Ingrown long hair on scalp
Some people with ingrown scalp hair may develop a hair cyst, which becomes trapped under the skin. This makes it nearly impossible for them to remove it with tweezers.
Occasional ingrown hair is not a reason for undue concern. If your ingrown hair occurs as the result of the growth of long hair (hirsutism), your physician or dermatologist can usually determine whether or not the condition is a hormone abnormality that is treatable, in your case. One such disorder is polycystic ovary syndrome.
Cyst in Ingrown Scalp Hair
If you have a cyst around an ingrown scalp hair, this is known as a hair follicle cyst or a trichilemmal cyst. Cysts related to ingrown hair are more often found on the scalp than on any other parts of the body. These cysts are mobile, appear smooth and are usually keratin-filled.
Trichilemmal cysts are thought to be genetic conditions, and they do tend to run in some families. If you develop a cyst around an ingrown hair, it may be inflamed and tender. If the cyst on your scalp ruptures, it can become even more painful.
Ingrown scalp hair cysts may be treated by removal through surgical means. The treatment method for ingrown hair does vary, depending on the preference of your physician. Some of them prefer to perform surgery under a local anesthetic, while others conduct the excision through more conservative means.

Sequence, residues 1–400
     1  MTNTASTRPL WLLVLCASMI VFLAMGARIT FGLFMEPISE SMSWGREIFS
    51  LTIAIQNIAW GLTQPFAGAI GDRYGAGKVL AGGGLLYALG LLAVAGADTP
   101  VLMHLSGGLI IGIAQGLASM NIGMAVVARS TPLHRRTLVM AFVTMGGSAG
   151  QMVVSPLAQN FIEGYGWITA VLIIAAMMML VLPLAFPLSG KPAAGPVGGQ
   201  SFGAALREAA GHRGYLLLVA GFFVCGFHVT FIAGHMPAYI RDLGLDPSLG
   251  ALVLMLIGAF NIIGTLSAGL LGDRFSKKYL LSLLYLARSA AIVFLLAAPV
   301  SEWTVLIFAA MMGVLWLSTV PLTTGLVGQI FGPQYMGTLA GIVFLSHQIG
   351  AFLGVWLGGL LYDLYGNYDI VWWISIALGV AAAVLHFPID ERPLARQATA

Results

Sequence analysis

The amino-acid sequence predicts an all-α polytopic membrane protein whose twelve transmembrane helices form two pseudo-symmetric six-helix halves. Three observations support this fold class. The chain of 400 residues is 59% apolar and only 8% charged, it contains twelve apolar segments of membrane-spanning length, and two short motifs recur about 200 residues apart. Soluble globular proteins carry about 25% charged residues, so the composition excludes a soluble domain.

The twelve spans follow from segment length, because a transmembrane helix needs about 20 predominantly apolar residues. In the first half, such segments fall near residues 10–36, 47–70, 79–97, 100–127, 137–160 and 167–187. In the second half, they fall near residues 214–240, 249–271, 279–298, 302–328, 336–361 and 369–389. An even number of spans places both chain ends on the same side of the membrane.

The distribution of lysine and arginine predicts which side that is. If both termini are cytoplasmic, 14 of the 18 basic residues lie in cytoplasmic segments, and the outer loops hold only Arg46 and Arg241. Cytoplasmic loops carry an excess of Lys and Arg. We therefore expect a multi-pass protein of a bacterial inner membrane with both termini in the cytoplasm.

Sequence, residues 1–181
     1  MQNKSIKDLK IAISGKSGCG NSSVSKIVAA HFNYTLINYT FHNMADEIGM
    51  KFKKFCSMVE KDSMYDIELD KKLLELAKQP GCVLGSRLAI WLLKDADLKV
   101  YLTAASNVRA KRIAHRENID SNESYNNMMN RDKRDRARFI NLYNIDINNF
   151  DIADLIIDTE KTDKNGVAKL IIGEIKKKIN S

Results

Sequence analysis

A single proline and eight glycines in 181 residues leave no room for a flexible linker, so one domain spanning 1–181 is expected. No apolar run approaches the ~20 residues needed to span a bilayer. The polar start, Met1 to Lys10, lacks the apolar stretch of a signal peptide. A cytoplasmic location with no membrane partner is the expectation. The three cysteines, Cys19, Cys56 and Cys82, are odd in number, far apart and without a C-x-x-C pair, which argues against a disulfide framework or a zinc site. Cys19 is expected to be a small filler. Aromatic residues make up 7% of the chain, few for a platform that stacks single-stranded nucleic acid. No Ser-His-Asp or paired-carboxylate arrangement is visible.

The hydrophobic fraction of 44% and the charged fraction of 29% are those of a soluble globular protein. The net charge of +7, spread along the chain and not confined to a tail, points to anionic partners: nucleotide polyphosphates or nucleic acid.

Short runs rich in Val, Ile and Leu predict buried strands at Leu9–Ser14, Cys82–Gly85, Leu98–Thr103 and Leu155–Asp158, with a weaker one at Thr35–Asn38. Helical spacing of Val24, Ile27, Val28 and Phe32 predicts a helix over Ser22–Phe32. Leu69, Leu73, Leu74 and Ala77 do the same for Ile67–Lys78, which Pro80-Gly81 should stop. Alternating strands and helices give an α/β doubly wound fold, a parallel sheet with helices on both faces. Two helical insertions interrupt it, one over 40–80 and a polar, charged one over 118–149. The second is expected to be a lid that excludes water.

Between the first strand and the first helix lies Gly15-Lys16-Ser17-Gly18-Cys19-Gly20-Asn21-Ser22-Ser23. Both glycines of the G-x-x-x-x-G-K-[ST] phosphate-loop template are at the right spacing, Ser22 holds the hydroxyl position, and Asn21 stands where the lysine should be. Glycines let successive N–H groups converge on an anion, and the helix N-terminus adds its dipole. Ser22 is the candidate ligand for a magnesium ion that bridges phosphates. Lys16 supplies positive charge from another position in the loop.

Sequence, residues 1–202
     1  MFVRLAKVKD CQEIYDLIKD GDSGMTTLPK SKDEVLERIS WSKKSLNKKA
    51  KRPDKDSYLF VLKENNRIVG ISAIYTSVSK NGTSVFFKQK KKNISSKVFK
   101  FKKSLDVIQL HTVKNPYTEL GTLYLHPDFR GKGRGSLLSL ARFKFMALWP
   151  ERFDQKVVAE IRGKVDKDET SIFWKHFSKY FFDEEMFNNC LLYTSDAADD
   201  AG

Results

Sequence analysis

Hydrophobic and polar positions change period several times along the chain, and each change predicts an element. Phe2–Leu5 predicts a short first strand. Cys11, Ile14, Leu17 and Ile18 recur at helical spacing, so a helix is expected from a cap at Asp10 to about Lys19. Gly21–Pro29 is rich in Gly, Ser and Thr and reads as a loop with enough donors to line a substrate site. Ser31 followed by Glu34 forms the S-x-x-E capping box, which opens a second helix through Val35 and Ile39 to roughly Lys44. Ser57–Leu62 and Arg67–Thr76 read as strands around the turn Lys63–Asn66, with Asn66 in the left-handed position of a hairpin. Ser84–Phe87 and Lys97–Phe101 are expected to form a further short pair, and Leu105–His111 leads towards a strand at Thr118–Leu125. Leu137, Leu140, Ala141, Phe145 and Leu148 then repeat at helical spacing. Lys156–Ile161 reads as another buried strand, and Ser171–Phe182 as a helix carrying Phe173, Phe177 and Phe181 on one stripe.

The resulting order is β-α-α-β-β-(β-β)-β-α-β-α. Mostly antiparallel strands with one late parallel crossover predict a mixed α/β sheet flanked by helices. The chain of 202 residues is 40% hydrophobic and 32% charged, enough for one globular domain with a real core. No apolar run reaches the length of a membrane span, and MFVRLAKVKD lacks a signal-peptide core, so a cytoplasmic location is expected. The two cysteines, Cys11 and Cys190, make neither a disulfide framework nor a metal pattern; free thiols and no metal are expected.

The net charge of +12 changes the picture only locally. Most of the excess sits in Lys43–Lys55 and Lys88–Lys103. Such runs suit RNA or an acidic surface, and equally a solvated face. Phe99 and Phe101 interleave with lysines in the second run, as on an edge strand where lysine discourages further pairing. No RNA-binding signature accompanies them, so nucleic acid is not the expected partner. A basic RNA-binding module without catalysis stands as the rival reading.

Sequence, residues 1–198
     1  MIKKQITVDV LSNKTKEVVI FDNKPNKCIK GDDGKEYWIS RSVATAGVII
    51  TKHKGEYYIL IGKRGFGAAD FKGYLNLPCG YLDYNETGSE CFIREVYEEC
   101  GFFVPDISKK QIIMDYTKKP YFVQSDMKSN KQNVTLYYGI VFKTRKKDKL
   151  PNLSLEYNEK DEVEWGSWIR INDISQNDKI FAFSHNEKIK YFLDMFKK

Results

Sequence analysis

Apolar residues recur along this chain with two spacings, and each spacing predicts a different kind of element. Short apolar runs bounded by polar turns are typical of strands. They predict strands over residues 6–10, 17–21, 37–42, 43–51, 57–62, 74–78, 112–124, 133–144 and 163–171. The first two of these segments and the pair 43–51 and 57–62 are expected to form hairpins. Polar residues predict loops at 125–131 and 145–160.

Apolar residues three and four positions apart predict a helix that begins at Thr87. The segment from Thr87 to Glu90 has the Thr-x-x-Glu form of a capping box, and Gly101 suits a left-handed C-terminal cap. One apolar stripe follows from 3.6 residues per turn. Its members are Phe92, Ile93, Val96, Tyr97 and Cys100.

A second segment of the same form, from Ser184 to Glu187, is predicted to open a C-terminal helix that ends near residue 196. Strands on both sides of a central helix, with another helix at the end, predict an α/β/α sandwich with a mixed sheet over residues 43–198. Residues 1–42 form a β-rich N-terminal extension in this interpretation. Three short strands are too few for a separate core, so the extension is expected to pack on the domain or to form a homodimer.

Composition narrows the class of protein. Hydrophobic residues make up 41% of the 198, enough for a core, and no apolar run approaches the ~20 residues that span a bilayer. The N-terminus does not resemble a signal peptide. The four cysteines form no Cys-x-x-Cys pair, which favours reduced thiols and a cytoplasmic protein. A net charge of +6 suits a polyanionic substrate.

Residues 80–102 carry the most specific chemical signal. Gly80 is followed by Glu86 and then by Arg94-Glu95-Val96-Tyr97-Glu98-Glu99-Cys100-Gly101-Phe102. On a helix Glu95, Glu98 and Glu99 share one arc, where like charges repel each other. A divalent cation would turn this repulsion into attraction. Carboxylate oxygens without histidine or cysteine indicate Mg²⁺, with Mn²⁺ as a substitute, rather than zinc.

Your physician or dermatologist may conduct a biopsy, so that the inflamed scalp hair cysts can be tested.
Ingrown Hair on the Scalp following a Haircut
Ingrown scalp hair after a haircut
If you’re a male who uses razors to cut the hair on your cheeks, scalp and/or chin, you will be more likely to develop bumps on your head with hairs trapped within them. The treatment for these lumps includes proper shaving, avoiding the use of excessive pressure and not shaving close to your scalp.
After you have cut your hair, cleanse your scalp with a product that contains salicylic acid. This aids in the prevention of clogging of the hair follicles found on your scalp.
Folliculitis on the Scalp
If your dermatologist informs you that you have scalp folliculitis, this is simply an inflammatory problem with your scalp hair follicles. This condition will appear as itchy, small bumps on your scalp, and usually cause problems in the front of your hairline, above your forehead.
If you develop a yeast or bacterial infection of the scalp, your ingrown scalp hair will become inflamed. These are often painful, and they have pus or a yellow discharge. Treating this issue starts with a thorough washing of the infected areas with shampoo, preferably an anti-dandruff shampoo, so that the ingrown hair will be completely removed.
Folliculitis on scalp
Treating Ingrown Scalp Hair
Ingrown hair located on the scalp may heal by itself, without any treatment. However, if your case is severe, your physician or dermatologist will be able to advise you of the safest treatment methods.
Here is one simple way to treat ingrown scalp hair:
- Wash the area affected using dandruff shampoo or antibacterial soap.
- Apply topical cream to the area that is affected. Your physician can prescribe a cream that is suitable for the condition with which you are affected. The cream helps in decreasing the buildup of dead scalp skin that could otherwise block your pores.
- Use antibiotic ointments or oral antibiotics, as prescribed by your physician. This may be needed if you also have a bacterial scalp infection.
Long infected hairs on the scalp can safely be removed with surgical procedures that will keep the hair from growing more deeply into your skin.